|Bid||56.77 x 800|
|Ask||56.60 x 1100|
|Day's Range||56.02 - 56.96|
|52 Week Range||30.11 - 57.61|
|Beta (5Y Monthly)||1.38|
|PE Ratio (TTM)||N/A|
|Earnings Date||Apr 29, 2021 - May 03, 2021|
|Forward Dividend & Yield||3.48 (6.17%)|
|Ex-Dividend Date||Feb 09, 2021|
|1y Target Est||54.85|
Exxon Mobil Corp said on Wednesday it will grow its dividend and cut debt through 2025, ahead of a closely watched investor meeting that comes a month after the top U.S. oil and gas producer reported a historic annual loss. In the recent months, the company has faced immense pressure from investors who want it to do more to rein in spending and cut carbon emissions. Exxon and the rest of the oil industry endured one of the worst market downturns last year as the COVID-19 pandemic hammered energy prices and forced shale operators to slash the value of their assets by billions of dollars.
(Bloomberg) -- Exxon Mobil Corp. outlined a target to achieve returns of least 30% on new projects after reducing capital spending plans as it tries to restore confidence among investors.Exxon’s projects in Guyana and the Permian Basin will generate 10% returns at an oil price of $35 a barrel or less, the company said in a statement Wednesday, ahead of its annual investor day presentation. The plans will increase earnings, cash flow, and “grow its dividend,” Exxon said.Chief Executive Officer Darren Woods is seeking to reposition Exxon in the minds of investors this week both in terms of its financial performance and its role in the energy transition. During a torrid 2020 in which the stock plunged 41%, Woods reduced headcount, costs and long-term capital spending through 2025 in a bid to boost near-term returns.As criticism over its environmental record increased, the company also announced new emissions targets, increased climate disclosure and added three new directors, including activist hedge fund manager Jeff Ubben.Buoyed by a rally in oil prices to over $60 a barrel, Exxon’s shares have increased more than 36% this year and Woods has pledged to defend the company’s $15 billion-a-year dividend even at crude prices lower than today’s.Still, Exxon has a lot of work still to do to regain its reputation as one of Wall Street’s most reliable cash cows. The company has burned through more than $24 billion of cash in the past three years as low oil prices hit at a time when Exxon was in the middle of a high-spend investment plan. The oil giant now has to deal with record debt of nearly $70 billion, nearly double the level at the end of 2018.For more articles like this, please visit us at bloomberg.comSubscribe now to stay ahead with the most trusted business news source.©2021 Bloomberg L.P.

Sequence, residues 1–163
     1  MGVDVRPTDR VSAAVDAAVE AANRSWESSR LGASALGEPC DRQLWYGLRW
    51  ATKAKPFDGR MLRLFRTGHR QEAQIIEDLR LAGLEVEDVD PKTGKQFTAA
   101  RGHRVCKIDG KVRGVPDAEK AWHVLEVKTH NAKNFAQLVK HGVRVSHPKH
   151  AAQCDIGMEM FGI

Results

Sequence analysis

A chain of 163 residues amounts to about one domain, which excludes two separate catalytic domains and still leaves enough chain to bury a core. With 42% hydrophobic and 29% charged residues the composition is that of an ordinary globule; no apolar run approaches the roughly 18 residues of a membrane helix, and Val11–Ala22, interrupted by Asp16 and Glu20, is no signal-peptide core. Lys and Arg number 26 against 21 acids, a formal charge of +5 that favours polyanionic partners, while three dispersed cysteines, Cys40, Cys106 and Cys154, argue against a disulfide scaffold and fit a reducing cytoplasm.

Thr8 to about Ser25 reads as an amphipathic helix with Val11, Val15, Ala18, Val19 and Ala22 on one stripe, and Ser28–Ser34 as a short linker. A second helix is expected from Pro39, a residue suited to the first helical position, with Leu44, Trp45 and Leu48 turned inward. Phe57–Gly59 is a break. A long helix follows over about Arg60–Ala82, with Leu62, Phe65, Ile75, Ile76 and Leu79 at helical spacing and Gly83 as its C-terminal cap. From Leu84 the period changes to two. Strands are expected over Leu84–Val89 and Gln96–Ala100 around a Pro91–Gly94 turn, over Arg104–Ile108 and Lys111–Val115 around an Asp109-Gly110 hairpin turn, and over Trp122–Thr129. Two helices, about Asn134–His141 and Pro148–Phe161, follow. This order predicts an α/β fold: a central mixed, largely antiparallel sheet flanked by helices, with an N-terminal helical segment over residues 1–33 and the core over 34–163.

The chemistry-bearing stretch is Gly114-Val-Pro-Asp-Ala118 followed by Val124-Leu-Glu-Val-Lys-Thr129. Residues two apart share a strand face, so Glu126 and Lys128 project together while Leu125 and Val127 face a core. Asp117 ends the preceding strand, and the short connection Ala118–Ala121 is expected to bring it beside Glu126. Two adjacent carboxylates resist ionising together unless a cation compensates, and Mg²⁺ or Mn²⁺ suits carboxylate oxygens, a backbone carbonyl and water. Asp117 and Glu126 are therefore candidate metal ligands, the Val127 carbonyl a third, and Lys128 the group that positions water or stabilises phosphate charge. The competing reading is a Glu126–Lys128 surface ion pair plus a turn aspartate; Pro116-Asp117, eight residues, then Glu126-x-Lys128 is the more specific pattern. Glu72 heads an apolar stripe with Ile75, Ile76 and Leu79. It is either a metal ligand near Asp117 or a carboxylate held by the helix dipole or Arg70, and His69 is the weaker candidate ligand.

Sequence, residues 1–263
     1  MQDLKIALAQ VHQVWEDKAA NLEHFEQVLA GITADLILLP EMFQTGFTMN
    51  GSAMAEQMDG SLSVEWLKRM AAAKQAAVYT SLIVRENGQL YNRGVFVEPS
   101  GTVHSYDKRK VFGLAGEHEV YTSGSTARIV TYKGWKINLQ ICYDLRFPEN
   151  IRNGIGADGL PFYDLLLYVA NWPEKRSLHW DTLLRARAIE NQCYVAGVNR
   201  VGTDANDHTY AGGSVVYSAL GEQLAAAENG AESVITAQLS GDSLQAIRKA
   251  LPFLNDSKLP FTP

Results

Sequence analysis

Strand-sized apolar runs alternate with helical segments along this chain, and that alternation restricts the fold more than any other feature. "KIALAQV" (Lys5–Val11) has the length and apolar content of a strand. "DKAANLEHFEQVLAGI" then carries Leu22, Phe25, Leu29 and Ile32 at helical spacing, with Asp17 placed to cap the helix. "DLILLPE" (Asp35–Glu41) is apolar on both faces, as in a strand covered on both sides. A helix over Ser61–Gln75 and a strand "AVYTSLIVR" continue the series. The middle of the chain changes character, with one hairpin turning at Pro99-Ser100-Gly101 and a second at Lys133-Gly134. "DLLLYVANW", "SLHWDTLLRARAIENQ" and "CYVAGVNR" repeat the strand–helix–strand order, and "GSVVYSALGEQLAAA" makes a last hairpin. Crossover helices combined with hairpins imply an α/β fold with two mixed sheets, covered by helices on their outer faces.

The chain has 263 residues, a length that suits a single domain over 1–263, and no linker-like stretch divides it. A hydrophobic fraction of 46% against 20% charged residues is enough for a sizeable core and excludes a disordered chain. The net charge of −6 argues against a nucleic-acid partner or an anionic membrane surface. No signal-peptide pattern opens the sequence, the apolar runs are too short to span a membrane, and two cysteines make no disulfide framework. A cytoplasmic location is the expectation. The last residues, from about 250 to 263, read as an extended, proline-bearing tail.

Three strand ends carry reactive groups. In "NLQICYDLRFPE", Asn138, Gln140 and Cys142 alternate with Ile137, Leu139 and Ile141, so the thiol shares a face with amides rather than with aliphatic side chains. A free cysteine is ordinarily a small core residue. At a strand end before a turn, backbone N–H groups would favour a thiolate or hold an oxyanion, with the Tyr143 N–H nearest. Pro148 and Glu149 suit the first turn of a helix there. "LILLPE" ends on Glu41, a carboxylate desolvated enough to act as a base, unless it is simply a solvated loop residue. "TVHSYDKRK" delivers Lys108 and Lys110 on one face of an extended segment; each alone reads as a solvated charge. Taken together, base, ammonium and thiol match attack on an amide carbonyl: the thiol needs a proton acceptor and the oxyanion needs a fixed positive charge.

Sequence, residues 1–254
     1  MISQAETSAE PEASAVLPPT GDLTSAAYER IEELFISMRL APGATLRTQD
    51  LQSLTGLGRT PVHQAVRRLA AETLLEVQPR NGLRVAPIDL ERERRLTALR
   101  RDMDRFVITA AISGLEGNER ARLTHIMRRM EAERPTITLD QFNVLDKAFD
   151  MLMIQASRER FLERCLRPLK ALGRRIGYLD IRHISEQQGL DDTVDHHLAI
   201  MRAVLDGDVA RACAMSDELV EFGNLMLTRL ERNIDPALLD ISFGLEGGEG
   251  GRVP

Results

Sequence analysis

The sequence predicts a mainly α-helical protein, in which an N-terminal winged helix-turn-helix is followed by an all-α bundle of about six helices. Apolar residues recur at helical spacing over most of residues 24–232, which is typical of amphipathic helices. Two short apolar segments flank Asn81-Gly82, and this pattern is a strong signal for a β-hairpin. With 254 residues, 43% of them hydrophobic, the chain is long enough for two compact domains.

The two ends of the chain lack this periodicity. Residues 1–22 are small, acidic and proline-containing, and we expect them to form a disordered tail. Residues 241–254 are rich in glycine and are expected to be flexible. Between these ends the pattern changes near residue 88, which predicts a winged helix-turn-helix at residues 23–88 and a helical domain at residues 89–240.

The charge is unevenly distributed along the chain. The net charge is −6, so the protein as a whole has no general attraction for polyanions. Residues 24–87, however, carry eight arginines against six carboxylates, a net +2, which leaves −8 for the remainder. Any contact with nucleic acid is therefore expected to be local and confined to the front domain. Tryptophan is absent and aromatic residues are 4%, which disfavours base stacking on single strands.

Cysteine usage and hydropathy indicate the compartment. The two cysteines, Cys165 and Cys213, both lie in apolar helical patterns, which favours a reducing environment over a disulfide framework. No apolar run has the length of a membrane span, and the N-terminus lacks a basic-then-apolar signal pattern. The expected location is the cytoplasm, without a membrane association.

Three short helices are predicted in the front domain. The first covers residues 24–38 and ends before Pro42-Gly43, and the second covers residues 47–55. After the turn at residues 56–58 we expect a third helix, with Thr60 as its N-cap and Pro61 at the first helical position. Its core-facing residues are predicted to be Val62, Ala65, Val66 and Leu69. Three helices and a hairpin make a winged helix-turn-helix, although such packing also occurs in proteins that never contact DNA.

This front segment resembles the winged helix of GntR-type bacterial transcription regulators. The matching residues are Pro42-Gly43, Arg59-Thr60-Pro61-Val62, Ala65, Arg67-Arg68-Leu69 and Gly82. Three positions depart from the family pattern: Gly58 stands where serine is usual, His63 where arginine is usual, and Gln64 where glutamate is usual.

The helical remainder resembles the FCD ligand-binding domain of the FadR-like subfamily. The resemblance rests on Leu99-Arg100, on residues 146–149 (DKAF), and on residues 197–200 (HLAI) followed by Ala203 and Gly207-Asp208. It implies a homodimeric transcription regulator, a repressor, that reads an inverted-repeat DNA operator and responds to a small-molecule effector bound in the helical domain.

In the recent months, the company has faced immense pressure from investors who want it to do more to rein in spending and cut carbon emissions. Exxon and the rest of the oil industry endured one of the worst market downturns last year as the COVID-19 pandemic hammered energy prices and forced shale operators to slash the value of their assets by billions of dollars. Separately, Exxon has also announced a 7% reduction in its Singapore workforce and detailed a plan to achieve $6 billion in annual savings by the end of 2023.